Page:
A crowd of families watched from the banks of the Delaware River in East Torresdale last week as a full, reddish moon rose over the woods of New Jersey, and there was a buzz of excitement.
The moon was the star of the show at Glen Foerd on the Delaware’s party to mark the 50th anniversary of the Apollo 11 launch. It was held Tuesday, July 16, exactly a half-century after Neil Armstrong and Buzz Aldrin departed from Florida.
Children were given the opportunity to make crafts, including imaginary postcards from space, paper rockets and paper plate moon faces.
Attendees could also taste samples of astronaut ice cream, fruit and Tang, a drink that grew in popularity after being used in NASA missions in the 1960s.
On Glen Foerd’s riverside, three astronomy enthusiasts set up high-powered telescopes, hoping to get a good view of Jupiter, Saturn and, of course, the moon.
Ted Williams, president of the Rittenhouse Historical Society, was posted next to his large Dobsonian telescope. He said kids spend a lot of time reading about science and not enough time participating in it.
“There’s not one screen that still matches the resolution of what the human eye can detect,” Williams said. “On a good scope, you can still see that pristine image.”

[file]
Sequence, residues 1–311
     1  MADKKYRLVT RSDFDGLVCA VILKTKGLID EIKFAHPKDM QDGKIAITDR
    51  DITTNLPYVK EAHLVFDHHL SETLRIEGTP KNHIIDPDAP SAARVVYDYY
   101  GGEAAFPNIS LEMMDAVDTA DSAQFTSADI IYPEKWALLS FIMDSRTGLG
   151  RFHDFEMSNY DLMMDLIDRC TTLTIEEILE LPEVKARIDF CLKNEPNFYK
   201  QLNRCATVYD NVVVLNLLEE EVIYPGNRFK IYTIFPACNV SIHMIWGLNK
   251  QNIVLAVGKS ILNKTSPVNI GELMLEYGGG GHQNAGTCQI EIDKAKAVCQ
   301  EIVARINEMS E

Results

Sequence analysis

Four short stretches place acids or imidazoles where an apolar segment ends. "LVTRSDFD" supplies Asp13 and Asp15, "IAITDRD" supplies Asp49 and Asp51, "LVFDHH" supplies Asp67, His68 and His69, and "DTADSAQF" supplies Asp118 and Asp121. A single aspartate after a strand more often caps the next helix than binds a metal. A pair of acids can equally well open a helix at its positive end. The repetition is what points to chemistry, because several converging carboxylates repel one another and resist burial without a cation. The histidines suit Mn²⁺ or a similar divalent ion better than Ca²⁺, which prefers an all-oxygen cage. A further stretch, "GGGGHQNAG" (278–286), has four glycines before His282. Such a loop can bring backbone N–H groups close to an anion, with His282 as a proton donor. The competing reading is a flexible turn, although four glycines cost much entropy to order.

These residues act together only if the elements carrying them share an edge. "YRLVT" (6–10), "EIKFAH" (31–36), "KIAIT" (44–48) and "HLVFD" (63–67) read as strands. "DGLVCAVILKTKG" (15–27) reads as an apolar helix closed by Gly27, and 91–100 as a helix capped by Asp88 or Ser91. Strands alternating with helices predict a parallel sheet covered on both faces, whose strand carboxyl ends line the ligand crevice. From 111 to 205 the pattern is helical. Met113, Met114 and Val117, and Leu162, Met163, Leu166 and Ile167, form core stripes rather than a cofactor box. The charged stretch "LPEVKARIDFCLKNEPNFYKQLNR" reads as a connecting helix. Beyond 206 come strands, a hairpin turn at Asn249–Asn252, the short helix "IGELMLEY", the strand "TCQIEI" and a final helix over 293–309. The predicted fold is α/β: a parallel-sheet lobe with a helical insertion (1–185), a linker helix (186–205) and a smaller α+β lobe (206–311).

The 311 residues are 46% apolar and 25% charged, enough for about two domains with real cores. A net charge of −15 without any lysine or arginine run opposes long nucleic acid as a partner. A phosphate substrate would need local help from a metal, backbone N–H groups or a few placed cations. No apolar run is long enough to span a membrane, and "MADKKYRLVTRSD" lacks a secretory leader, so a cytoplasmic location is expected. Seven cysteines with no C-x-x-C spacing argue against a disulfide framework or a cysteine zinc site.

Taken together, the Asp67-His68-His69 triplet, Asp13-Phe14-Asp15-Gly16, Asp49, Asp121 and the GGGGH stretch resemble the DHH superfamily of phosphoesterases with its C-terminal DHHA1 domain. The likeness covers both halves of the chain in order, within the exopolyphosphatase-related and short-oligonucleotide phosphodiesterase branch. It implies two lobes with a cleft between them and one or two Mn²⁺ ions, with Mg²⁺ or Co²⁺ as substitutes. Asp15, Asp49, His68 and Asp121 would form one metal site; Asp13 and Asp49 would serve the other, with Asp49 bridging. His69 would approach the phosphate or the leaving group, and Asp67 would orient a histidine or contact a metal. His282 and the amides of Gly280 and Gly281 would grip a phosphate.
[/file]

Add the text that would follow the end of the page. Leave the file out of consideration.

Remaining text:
“I love to see the light bulb go off,” he added. “When you stand here next to somebody and they’re seeing Saturn’s ring for the first time… you can just see the awe they’re in.”
Glen Foerd has hosted “star parties” in the past as part of the Philadelphia Science Festival, which is organized by the Franklin Institute. The Apollo 11 party grew out of those experiences, and a suggestion by local astronomy hobbyist Martin Knoblauch, said Nicole Schaller, Glen Foerd’s program coordinator.
Ross Mitchell, who recently took over as Glen Foerd’s executive director, said the historic mansion, which, along with its extensive grounds, is part of the Fairmount Park system, is looking to engage the community in a variety of ways.
“I think some people don’t know that we’re here,” Schaller said.
Knoblauch, who was also on hand for the event, told the crowd that the moon looks red when it first rises because the atmosphere is thick near the horizon and absorbs all colors except for red and orange.
The moon also looked larger, but that is a trick of perspective, he added.
For those who put their eye up to the telescope, it appeared even closer. ••
Jack Tomczuk can be reached at firstname.lastname@example.org.